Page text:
Rest has never been one of my defining characteristics – at least not as I understand the word. For me, to rest has always meant “to sit back and do nothing for more than 5 minutes.” But usually, within two minutes, I’m scrolling on my phone, turning on music, watching a movie, reading a book, or finding something to do in the house. Worst case, I’m grabbing a snack – though I am trying to limit those.

So, when my doctor advised that I was not getting enough rest during my chemotherapy and officially ordered me to take 3 months off work – you can imagine my reaction. I admit, I was also concerned about how I would manage from a practical perspective – I did not have enough sick leave or vacation days for all that time off. But more than that, I wondered, what exactly would I do?

What exactly is rest?

I have become quite dependent on Webster’s Dictionary these days. I’ve started looking up words I should understand but, apparently, don’t. I looked up the word rest. Well, that was a no-brainer, first and top meaning:

a bodily state characterized by minimal functional and metabolic activities

But then I kept reading and found an overwhelming list of alternative meanings: four main definitions and some 14 sub-definitions and nuances (hence the featured photo for this post)! It seems there is a lot more to rest than I knew… and that drove me to my resource of resources – my Bible!

I realized I had no idea what entering into God’s Sabbath rest meant

If you haven’t guessed already, my thoughts were drawn to Hebrews. If you have time, read Hebrews 3:7-4:11. For the sake of brevity, I will only share with you the verses that initially jumped out and caught my attention:

9 So then, there remains a Sabbath rest for the people of God, 10 for whoever has entered God’s rest has also rested from his works as God did from his.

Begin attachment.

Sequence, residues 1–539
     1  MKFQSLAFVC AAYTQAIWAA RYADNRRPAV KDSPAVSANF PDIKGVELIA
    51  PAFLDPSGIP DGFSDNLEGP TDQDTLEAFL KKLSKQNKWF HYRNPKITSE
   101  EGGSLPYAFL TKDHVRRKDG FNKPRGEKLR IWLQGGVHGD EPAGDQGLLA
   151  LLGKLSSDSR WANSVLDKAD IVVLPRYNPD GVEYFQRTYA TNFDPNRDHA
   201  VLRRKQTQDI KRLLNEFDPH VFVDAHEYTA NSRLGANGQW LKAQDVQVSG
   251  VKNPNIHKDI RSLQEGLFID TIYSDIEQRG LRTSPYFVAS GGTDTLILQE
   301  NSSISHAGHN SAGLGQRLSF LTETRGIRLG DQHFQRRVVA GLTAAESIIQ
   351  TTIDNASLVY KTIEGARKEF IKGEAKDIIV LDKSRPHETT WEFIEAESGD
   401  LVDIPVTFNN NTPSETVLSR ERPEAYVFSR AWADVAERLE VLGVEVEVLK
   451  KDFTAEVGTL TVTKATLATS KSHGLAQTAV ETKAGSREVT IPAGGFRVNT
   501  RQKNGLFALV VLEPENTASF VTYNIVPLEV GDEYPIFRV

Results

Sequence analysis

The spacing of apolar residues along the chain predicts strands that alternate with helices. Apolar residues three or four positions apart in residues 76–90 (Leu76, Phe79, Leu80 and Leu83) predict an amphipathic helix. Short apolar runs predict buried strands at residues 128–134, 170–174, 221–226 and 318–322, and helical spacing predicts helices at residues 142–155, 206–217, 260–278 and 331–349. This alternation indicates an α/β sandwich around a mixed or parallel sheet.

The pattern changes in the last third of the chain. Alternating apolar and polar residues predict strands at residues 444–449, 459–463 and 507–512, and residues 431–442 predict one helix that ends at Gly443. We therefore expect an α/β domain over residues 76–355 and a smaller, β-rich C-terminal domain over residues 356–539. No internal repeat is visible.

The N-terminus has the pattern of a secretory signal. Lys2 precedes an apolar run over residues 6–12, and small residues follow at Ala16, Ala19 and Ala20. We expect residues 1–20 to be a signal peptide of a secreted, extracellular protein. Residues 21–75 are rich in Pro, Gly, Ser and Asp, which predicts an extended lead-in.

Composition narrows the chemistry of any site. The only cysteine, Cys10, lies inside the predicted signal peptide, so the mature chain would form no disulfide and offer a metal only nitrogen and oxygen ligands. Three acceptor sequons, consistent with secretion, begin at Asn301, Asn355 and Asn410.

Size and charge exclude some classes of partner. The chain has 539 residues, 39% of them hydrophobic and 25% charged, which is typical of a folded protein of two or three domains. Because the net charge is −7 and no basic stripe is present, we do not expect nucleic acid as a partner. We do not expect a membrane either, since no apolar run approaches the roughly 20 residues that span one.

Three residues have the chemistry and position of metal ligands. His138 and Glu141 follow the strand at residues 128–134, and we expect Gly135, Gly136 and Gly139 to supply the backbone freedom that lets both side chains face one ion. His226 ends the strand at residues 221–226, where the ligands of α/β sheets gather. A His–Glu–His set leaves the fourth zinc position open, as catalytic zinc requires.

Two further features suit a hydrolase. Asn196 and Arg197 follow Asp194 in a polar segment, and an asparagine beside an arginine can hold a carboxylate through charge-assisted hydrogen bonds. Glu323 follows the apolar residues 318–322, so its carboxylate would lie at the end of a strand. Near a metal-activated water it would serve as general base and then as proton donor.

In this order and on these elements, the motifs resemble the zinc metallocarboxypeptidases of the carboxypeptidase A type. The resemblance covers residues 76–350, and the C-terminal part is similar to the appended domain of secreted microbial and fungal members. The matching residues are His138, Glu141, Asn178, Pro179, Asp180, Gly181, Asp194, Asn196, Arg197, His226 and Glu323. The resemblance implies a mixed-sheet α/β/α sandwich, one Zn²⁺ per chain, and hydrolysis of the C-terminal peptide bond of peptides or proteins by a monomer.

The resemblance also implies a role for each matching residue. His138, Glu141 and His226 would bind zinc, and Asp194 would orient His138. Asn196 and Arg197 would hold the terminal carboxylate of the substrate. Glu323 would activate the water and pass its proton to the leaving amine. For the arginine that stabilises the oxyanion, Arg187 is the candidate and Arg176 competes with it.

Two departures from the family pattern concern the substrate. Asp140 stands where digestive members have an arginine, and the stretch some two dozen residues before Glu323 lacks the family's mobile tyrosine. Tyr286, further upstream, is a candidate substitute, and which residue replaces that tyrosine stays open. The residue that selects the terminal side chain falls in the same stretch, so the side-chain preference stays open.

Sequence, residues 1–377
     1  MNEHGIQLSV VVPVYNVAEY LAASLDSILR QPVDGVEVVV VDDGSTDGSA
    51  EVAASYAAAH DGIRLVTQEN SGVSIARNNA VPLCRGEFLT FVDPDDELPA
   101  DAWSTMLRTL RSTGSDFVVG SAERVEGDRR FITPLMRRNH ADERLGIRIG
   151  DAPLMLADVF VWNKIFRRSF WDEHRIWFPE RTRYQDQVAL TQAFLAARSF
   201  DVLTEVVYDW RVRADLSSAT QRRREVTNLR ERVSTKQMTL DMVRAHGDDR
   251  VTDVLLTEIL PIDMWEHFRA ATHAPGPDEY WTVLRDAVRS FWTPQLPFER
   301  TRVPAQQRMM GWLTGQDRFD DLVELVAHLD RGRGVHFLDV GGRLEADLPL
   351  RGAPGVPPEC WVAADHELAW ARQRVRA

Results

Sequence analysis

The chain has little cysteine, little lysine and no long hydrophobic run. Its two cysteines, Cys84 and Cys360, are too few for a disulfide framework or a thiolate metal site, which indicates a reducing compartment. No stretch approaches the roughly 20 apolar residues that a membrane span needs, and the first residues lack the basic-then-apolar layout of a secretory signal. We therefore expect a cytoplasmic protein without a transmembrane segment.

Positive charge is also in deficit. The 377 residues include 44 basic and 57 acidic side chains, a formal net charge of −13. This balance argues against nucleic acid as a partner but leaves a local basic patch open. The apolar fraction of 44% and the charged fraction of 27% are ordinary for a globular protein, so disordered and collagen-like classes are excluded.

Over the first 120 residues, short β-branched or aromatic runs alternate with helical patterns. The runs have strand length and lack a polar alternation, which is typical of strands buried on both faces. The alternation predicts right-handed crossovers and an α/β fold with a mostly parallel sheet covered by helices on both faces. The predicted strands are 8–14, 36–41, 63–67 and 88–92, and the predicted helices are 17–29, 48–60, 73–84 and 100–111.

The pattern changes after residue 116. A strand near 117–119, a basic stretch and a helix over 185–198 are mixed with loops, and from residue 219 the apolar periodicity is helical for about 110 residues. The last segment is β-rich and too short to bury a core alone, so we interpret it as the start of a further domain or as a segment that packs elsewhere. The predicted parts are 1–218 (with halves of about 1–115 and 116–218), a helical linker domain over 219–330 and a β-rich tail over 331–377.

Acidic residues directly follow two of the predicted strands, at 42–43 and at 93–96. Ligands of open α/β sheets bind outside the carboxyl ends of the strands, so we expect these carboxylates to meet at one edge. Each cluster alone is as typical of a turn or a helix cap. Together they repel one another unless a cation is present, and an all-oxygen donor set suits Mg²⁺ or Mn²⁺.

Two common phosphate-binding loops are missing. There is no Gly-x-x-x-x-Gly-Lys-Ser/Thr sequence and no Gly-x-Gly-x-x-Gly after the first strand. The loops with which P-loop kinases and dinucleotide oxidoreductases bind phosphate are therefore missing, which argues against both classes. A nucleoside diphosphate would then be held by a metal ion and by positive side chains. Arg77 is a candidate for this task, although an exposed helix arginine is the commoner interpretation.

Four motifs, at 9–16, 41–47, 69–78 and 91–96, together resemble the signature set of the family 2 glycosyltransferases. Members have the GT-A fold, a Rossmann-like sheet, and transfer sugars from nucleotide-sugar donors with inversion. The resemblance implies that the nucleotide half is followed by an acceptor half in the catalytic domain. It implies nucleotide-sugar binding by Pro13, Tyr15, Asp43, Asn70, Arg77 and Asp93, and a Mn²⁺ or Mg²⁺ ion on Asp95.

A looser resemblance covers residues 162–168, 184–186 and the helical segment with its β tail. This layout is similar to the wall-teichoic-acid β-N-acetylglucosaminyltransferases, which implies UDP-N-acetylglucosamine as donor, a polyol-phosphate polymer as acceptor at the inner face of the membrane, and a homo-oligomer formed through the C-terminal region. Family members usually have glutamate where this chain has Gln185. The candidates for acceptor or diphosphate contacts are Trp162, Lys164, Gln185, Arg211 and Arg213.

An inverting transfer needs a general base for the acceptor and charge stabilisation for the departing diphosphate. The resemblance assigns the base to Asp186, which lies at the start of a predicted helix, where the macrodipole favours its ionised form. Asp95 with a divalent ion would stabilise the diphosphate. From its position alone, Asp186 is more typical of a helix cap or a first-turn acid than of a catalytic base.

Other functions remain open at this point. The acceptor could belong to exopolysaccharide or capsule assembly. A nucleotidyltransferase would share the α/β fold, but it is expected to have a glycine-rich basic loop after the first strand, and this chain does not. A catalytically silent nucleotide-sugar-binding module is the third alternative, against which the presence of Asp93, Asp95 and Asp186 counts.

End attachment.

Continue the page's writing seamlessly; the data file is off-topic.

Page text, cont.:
Hebrews 4:9–10

I’d never really thought about Sabbath rest from the context of creation. But the only place I know that scripture talks about God resting is on the seventh day. I leave it to theologians to discuss whether or not God ever stopped resting. As for me, all I could think as I pondered these verses was this: how could God rest, knowing everything that would soon happen to disrupt His very good creation? Following that train of thought, I wondered how can I rest when I am aware of what is happening around me at so many levels and how to rest when there is so much that needs to be done and that I want to do.

I realized that I had no idea what entering into God’s Sabbath rest meant. I knew the answer wouldn’t be found in Webster’s dictionary and asked an older trusted friend what their take on these verses was. How did my friend understand this Sabbath rest of God?

He finished … and nothing could be added

My friend shared:

For me it [Sabbat rest of God] means God has already provided all for my salvation, now and forever. … He finished creation and nothing can be added. He finished salvation and nothing can be added.

I had to read my friend’s full reply a few times before I started to understand. I realized I needed to go back to the full context of the passage and pay particular attention to Hebrews 4:3

3 For we who have believed enter that rest, as he has said,
              “As I swore in my wrath, ‘They shall not enter my rest,’”
although His works were finished from the foundation of the world.

How had I missed this? God’s Sabbath rest meant that everything He had planned before anything that existed was made was complete. Salvation, the work that Jesus had done on the cross, from God’s perspective, had already been accomplished. God had already known when contemplating creation, what would happen. And He planned accordingly. When this physical creation was completed, all His plans were set into motion (as far as time is concerned). But as far as eternity is concerned (before the foundation of the world), all HIS works (note the plural there) had been finished.